Que Viva Cesar Chavez, Que Viva Mi Padres, Que Viva La Causa y Que Viva La Union. Si Se Puede!!!
My parents taught us to be humble and make do with what we have. My dad was an agriculture foreman when we lived in Imperial Valley El Centro, the heart of the lettuce fields. I grew up having fields of lettuce all around me at the farm.
I don’t miss being exposed to pesticides and other agricultural chemicals. My sister’s and I use to eat the lettuce right out of the fields, what did we know about the poison they were spraying. In 1963 my family and I moved to San Jose, I was only 11 years old. It was hard to get used to not being in a ranch environment. That same summer arriving to San Jose we were made to go to pick strawberries in Salinas. We use to go to a place off Jackson Avenue were everyone else caught the same bus to go to Salinas. I remember I couldn’t wait to eat those cold burritos, while sharing a thermos of hot coffee with the rest of my family. I remember having a few strawberry fights with my primos in the field. On our way home the bus would stop at a little store up towards a little hill, for a bathroom break.
We would get home and then we would get ready to do it all over again the next time. I would go to school with my fingers with strawberry stain color on them. Our family also did string beans, apricots. We only did this for two year, until my parents found jobs.
Once I went to high school in the late 60’s, I joined the Chicano Student Union Club. My girlfriend invited me to go downtown and help with making signs. Little did I know we were making UFW Huelga signs. I remember marching outside a store off Story Road holding up signs “No Grapes”. From that point in my life, I didn’t like eating grapes, but, of course wine is a different story. Years went by and then the sad day came when I heard that Cesar had passed on, and that they were going to have a memorial for him. All my country feelings just came out and I wanted to share this with my own kids now. I gathered my nieces and nephews and my own family to join me, to be part of the Staff that would help out to make this memorial happen. We walked from Cesar Chavez Park, with people carrying a make shift coffin that represented that Cesar’s was walking along with us. And we ended up at the Virgin De Guadalupe Church on San Antonio Road. I hope my kids and the rest of the family will remember that day. Since then, I’ve been in a few reform marches and I’ve donated when am able to. Oh yes, my grandkids are going to hear all my stories too. L Gallego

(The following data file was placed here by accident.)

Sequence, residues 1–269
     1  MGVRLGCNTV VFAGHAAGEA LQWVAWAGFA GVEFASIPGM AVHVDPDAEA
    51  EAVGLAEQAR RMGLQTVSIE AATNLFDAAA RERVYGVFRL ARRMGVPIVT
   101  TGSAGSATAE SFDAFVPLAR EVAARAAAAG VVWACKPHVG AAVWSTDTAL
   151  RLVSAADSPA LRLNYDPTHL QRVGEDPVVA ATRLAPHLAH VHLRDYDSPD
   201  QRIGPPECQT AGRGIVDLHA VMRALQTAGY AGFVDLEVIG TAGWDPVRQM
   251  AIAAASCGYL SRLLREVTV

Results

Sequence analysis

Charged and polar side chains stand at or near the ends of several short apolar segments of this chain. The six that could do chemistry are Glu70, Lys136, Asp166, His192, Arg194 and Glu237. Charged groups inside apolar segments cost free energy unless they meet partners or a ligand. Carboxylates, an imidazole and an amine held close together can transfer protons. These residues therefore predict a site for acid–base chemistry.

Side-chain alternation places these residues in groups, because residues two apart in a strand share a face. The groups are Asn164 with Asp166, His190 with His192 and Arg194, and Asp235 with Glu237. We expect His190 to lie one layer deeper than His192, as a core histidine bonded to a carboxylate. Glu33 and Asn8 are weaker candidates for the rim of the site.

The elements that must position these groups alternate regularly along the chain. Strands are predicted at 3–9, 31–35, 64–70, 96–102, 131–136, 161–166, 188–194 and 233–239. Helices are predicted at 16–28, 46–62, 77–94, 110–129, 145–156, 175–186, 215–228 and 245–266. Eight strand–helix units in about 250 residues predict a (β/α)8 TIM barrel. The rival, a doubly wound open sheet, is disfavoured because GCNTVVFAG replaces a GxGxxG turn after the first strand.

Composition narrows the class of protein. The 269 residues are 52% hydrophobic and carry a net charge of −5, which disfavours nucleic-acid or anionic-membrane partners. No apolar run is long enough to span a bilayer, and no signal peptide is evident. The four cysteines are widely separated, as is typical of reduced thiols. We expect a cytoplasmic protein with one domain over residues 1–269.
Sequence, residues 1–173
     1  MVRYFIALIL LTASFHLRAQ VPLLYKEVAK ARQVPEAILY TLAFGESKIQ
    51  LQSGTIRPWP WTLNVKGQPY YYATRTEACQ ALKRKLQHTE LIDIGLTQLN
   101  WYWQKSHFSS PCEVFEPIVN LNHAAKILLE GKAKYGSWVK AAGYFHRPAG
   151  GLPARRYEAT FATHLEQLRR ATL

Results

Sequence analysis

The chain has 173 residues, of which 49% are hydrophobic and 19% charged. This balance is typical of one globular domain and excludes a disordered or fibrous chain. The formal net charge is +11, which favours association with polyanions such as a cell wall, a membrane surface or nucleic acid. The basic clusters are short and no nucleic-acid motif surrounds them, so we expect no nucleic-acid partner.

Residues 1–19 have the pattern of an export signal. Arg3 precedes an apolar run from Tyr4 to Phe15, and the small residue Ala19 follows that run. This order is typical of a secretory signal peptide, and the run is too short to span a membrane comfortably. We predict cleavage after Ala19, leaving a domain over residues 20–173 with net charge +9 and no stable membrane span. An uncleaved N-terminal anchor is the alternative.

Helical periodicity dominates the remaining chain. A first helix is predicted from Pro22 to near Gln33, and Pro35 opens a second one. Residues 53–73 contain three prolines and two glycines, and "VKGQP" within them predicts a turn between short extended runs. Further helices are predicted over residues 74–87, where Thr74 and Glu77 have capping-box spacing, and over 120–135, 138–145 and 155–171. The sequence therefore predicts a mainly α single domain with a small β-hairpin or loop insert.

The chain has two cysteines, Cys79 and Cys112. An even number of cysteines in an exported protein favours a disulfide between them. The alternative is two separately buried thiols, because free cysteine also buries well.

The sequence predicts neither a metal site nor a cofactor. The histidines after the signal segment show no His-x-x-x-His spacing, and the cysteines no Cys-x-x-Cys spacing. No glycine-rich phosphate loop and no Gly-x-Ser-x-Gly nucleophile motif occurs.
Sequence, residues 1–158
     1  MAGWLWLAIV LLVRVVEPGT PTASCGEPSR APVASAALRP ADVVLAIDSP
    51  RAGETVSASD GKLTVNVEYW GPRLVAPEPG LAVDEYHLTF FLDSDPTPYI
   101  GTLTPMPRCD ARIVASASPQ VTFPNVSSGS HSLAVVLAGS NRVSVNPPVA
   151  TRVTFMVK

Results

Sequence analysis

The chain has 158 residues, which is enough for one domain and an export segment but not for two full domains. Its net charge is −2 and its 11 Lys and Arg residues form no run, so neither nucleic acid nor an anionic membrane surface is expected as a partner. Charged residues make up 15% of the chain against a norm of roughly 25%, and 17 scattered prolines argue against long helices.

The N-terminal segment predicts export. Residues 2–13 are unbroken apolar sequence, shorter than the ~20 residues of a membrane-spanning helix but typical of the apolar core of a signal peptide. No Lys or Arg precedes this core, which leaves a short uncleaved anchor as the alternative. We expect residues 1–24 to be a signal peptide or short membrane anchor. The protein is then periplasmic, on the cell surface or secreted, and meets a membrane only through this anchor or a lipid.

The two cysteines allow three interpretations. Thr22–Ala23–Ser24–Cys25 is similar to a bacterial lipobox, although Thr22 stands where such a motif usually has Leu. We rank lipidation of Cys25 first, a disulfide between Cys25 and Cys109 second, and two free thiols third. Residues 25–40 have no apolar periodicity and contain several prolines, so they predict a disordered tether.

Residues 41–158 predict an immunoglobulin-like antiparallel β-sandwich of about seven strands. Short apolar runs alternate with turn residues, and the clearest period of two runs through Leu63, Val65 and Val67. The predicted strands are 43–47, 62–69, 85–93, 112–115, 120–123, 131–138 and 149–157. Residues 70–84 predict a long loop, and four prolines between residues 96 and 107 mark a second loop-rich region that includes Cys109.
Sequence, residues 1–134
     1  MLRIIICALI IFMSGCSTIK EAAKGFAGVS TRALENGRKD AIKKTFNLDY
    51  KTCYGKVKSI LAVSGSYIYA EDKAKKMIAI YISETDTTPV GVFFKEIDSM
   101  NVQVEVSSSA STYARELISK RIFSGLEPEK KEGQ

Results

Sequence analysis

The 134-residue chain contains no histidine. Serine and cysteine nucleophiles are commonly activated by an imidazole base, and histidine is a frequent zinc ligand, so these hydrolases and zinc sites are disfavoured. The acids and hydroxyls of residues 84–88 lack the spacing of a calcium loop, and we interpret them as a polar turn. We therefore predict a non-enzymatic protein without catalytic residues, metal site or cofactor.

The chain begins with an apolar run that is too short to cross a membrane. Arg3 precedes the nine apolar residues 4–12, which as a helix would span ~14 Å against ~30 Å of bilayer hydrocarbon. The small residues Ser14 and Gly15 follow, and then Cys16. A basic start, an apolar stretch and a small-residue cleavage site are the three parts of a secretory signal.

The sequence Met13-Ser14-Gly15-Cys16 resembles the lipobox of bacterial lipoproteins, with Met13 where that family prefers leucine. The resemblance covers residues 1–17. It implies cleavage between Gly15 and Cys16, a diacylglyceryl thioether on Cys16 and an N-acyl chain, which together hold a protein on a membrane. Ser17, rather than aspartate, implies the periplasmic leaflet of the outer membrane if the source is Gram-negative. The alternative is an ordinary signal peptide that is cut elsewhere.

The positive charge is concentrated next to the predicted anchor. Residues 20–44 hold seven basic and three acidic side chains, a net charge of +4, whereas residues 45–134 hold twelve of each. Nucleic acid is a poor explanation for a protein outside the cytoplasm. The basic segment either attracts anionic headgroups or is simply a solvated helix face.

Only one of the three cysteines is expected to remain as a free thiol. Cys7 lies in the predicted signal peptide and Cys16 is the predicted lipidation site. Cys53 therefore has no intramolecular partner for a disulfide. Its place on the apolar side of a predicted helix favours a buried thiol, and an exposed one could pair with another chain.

Que Viva Cesar Chavez, He lives on in all of us ….. Si Se Puede!!!